A moon emerging from a moon

Here’s a nice picture of one of Saturn’s moons (Enceladus) emerging from behind another one (Dione) or perhaps it’s starting to disappear behind it. Anyway there’s some moons (Credit: NASA/JPL-Caltech/Space Science Institute):


Enceladus’ plume and a poem

To get a better of what is in the plume that’s spews out of Saturn’s moon Enceladus (it’s known to contain water vapor, sodium, and organic molecules), they sent Cassini through it on November 2, 2009. Here’s a picture of the plume (Image Credit: NASA/JPL/Space Science Institute–click on it to see it better):

And since today is Friday, a poem (there might not be a poem next week):

What should I do
Run ragged to the world
Grasp a pearl in my hand
Or feign indifference?

Enceladus, water, and a poem

It seems that a moon of Saturn has salt water in it:

For the first time, scientists working on NASA’s Cassini mission have detected sodium salts in ice grains of Saturn’s outermost ring. Detecting salty ice indicates that Saturn’s moon Enceladus, which primarily replenishes the ring with material from discharging jets, could harbor a reservoir of liquid water — perhaps an ocean — beneath its surface.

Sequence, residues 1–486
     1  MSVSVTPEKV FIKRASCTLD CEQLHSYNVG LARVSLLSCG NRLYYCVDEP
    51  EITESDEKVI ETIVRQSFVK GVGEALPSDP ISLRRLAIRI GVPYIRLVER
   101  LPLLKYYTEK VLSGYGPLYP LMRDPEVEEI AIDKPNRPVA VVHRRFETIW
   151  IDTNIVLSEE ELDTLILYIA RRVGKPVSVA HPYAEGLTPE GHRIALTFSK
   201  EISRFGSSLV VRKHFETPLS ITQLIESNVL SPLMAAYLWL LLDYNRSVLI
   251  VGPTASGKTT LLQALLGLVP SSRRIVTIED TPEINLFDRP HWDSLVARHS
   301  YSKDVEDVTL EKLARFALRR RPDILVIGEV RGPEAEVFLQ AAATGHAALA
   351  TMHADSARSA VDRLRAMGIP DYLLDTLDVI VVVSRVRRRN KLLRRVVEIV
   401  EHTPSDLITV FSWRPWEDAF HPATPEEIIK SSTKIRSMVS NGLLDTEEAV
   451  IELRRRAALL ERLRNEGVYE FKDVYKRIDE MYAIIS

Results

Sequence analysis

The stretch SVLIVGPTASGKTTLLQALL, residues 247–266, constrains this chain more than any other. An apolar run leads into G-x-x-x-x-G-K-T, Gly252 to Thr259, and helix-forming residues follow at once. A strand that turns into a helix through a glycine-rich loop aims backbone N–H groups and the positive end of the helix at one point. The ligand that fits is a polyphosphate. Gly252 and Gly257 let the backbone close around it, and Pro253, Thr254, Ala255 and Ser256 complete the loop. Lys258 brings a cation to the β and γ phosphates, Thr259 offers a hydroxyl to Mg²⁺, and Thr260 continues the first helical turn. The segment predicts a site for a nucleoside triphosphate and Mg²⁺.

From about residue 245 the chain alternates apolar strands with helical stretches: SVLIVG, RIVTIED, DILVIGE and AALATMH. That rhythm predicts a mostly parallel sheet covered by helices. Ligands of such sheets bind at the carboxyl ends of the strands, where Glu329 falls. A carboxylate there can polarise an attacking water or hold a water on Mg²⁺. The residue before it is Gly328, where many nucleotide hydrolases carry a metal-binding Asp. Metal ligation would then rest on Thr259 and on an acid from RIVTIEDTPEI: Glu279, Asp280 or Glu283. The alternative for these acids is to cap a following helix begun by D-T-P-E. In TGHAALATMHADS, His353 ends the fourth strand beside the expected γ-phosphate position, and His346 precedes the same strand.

So here’s a picture of Enceladus showing the jets of water in false color (all of the images are from: NASA/JPL/Space Science Institute):


and here’s another image of water jetting out:


and here’s a picture of the moon itself:


and one more where it’s just behind another of Saturn’s moons, Dione, and showing (free trivia bit) that it’s the solar system’s most reflective body (returning 99% of the visible light that strikes it):


Finally here’s a poem that celebrates something, potato chips I think:

A jump in the dark
It’s coming after me
Hope and hurt drown my brain
As I see the cat.

Can’t you hear it
The doubt in your soul
As myriad life goes by
But seems like none of that.

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